RESPONSIBLE TOURISM IN TUNISIA

Mediterranean beaches, affordable accommodation and long hot summers all add up to three things – money, money, money. But not for the people of Tunisia. Foreign tourist companies own the airlines, the hotels, the ground agents and the all-inclusive international buffet restaurants. This has not only isolated local people but led to widespread unemployment and poor living standards.

Keeping foreign tourists in all-inclusive enclaves makes sure they don’t spend their vacation dinars elsewhere. From the owners of small guesthouses to market traders in the souks, local people have been continuously kept apart from tourists and tourists have been ‘shielded’ from traditional North African culture.

Precious water supplies have also been used for private swimming pools and on an industrial scale in high-rise hotels. This is a country that sits on the Med but also stretches into the Atlas Mountains, to the east, and the Sahara, down south. Like everywhere, Tunisia’s getting hotter and drier. Ground water supplies still exist but there's not an infinite supply and they will eventually dry up.

Tunisia is a Muslim majority country, Arabic is the first language. French is also widely spoken thanks to 75 years of French colonisation. Education is very important to Tunisians; the adult literacy rate is high. Being hospitable to foreign guests and people of other religions is extremely important. Only by visiting for yourself and meeting local people will you discover the reality behind the headlines.
We in Tunisia have no problem with respecting other people's religion, and we have a long tradition of that.
– Tunisian politician, Rached Ghannouchi

PEOPLE & CULTURE

Following independence from the French in 1956, Tunisia was run by a series of corrupt and greedy officials. The country’s coffers were spent on lavish shopping trips, mega yachts and flights to Europe in the state’s private jet. The coupling of an oppressive, ostentatious regime and huge disparity in income levels, meant that something in Tunisia had to give; and in 2010, it did.

Anti-government protesters took to the streets whilst social media galvanised young Tunisians to action and showed the whole world what can happen if governments ignore perpetually poor living standards. Tunisia’s push for democracy, and the start of the ‘Arab Spring’, had begun. It led to Tunisia in 2019 becoming the first free Arab country for more than 40 years and North Africa’s only democratic state.

It’s still early days for the country’s fledgling democracy; only time will tell whether the rise of right wing Islamic groups will play their part in overturning newly introduced legislation, particularly where women’s and children’s rights are concerned. The Tunisian parliament currently has the highest female contingent (30%) within the Arab world. However, there’s still a long way to go, particularly where social and legal changes to sexual and gender based violence are concerned.
Sadly, during this timeframe, in 2015, Tunisia hit the headlines again with one of the most shocking events in the country’s most recent history.
The terrorist attacks of June 2015 shocked the world. Global media coverage escalated the perceived threat and turned tourists away in their droves. Airlines dramatically reduced their quota as Tunisia turned from ‘hidden gem’ to 'no go', practically overnight.
This was a country that boasted some of the best beaches in the Med as well as affordable accommodation and far fewer crowds when compared to its European counterparts. It still does, in fact more so, as well as Roman archaeological sites that are easily comparable to what you'll find in Greece, Egypt and Rome.
Tanner C. Knorr is the owner and founder of our Tunisia tour specialists, Off Season Adventures & Safaris: “Compared to many of the other countries in the region, Tunisia is actually quite well developed and very welcoming to tourists. There’s lots going on; from Mediterranean beaches and desert safaris to some of the world’s most intact ancient mosaics and uncrowded UNESCO sites.”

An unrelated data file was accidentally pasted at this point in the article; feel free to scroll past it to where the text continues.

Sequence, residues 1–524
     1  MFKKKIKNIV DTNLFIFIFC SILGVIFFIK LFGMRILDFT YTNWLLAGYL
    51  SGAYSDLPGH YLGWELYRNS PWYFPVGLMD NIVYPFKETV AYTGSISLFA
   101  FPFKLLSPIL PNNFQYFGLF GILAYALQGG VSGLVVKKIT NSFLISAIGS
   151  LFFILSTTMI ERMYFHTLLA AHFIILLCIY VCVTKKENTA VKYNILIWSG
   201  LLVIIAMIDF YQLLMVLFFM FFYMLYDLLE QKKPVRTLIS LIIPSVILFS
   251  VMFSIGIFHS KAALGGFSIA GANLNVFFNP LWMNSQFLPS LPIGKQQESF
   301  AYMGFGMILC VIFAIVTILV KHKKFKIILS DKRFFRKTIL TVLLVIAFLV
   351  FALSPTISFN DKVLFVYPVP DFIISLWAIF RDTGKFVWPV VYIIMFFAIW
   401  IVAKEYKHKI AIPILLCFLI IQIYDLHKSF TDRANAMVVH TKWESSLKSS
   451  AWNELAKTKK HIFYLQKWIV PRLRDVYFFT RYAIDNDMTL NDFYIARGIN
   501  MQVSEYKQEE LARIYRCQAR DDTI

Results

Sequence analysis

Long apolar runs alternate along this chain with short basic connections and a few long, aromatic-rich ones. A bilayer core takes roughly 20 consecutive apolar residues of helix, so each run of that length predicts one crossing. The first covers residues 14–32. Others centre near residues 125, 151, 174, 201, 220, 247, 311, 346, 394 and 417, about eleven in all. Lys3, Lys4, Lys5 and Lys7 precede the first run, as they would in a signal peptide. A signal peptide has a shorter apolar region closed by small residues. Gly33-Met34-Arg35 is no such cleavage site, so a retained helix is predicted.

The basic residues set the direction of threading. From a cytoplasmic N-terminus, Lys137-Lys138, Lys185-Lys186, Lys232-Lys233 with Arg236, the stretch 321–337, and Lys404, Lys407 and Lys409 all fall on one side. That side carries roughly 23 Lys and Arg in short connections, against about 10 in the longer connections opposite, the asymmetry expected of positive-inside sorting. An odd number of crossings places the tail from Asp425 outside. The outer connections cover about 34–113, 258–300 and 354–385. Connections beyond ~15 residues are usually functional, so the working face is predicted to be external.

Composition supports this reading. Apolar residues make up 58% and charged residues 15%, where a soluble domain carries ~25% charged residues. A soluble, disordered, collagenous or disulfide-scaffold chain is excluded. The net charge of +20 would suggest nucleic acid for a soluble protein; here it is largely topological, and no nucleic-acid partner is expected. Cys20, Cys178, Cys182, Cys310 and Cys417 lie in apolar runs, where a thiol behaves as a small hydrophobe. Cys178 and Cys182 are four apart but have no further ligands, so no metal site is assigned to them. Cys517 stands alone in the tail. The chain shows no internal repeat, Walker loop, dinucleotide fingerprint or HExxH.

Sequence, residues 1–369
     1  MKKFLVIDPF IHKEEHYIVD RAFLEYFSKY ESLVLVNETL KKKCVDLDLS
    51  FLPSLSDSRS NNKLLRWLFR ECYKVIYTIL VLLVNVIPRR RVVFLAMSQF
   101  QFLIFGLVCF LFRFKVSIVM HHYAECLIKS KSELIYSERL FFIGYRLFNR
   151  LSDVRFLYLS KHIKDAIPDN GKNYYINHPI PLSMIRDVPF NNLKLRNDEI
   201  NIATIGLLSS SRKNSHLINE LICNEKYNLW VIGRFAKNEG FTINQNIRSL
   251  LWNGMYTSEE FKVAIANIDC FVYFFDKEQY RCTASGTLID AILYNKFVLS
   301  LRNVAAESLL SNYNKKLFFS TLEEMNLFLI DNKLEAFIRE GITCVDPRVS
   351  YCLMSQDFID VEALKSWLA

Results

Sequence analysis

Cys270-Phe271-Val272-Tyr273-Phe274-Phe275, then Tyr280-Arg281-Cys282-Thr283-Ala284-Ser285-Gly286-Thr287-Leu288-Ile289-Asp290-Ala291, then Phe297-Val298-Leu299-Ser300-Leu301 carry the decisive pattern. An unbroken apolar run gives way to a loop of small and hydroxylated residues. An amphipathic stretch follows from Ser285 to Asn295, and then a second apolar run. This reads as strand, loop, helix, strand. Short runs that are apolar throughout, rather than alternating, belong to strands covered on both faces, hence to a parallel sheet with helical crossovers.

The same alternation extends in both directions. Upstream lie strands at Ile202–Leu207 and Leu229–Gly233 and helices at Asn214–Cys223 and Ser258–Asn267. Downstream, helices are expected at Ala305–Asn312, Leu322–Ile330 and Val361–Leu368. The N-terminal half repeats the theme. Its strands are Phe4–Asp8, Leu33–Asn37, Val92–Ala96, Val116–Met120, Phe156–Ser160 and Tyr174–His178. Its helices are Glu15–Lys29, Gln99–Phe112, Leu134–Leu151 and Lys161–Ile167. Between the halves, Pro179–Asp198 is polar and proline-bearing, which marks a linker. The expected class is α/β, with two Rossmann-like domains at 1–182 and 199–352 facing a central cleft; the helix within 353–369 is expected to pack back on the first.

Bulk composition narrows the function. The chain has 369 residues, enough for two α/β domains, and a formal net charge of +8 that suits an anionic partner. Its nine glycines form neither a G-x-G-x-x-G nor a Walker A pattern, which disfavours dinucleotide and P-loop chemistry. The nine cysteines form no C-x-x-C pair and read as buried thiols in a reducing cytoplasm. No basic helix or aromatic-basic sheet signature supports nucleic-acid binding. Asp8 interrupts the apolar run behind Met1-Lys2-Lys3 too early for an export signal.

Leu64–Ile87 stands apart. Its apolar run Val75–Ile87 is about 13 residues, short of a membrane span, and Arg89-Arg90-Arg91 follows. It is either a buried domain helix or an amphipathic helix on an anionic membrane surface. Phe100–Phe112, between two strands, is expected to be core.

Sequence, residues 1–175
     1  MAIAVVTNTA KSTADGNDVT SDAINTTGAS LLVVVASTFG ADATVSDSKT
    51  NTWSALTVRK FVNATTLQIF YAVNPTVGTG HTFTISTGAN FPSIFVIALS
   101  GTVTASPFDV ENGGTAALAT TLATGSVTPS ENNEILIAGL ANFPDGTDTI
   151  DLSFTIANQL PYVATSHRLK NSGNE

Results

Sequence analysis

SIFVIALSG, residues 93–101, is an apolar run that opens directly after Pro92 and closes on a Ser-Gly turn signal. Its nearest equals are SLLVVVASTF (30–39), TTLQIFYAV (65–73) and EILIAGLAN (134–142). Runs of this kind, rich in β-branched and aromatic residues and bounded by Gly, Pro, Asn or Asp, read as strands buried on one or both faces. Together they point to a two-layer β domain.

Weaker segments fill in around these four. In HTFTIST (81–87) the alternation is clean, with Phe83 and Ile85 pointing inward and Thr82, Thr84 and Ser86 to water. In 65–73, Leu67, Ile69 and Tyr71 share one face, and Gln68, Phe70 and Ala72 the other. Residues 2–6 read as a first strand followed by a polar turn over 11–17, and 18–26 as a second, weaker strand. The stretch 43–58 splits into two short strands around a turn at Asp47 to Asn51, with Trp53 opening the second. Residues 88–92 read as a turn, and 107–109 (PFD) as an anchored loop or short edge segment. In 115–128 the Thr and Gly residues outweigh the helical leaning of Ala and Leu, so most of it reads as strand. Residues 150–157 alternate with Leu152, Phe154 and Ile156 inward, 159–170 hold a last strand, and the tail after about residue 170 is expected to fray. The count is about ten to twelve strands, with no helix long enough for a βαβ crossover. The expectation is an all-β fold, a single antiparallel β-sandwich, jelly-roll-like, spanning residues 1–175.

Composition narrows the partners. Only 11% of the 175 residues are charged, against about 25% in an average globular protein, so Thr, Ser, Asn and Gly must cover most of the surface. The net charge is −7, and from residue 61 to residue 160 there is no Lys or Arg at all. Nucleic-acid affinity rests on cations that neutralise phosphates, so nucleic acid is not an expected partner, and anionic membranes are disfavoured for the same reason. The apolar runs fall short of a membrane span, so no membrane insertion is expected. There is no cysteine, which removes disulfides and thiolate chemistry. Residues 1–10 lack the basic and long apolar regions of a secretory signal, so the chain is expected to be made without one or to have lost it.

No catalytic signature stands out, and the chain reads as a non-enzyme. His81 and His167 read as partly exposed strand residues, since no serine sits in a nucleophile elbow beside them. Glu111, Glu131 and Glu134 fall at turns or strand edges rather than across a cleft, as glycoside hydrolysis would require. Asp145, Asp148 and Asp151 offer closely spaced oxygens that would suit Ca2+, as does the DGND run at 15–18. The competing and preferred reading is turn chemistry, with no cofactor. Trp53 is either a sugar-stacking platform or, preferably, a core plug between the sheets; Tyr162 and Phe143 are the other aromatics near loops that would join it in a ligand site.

Five years on and the sensationalist media headlines have died down, airlines have reopened their flights, and it's even rumoured that the USA are considering flying direct to Tunisia – time will tell. But the tourism industry needs to change. Local people need to be allowed to benefit from the presence of tourists, and tourists need to seek out new places and embrace local culture.

Perhaps, the stigma attached to Tunisia is going to take generations before it finally fades. However, writing off the Tunisian people is not something that anyone should advise lightly. In the words of the country’s first president and reformist, Habib Bourguiba, “Tunisia is always ready to turn the page.”
What you can do to help
Travel with a local guide and driver. Guides act as translators so you can learn more about the real Tunisia. They’ll introduce you to other local guides who are specialists in ancient cultural history.

Stay at small locally owned guesthouses in out of the way locations; eat out at locally owned restaurants with just a phrasebook and a smile; haggle in the souks and support smaller cottage industries – our tours often visit a local family in Sejnane who make their own pottery – rather than opting for tacky imported souvenirs.

This is the only way to ensure your presence is making a difference to local people and ensuring you have an authentic experience that goes way beyond simply sun, sea and shisha pipes.

Breaking down barriers

English isn’t widely spoken in Tunisia outside of the all-inclusive beach resorts and restaurants on the coast. The French occupied here for a long time and French is still the country’s second language, behind Arabic. That's part of the reason that Canadians tend to favour Tunisia over European alternatives. If you can parlez francais then you'll be well away, if not, travel with a local guide who can. They'll probably also be able to speak English and German, as well as Arabic, of course.
As a Muslim majority country it's important that travelers respect local customs and go out of their way to have an authentic North African experience as opposed to a homogenized vacation. Everyone is very grateful for visitors; and guesthouse and restaurant staff are super friendly. You'll be made to feel very welcome. Local people take pride in the appearance of the streets and doorways. You won’t find rubbish piled up on street corners or anything like that. It’s very clean and safe.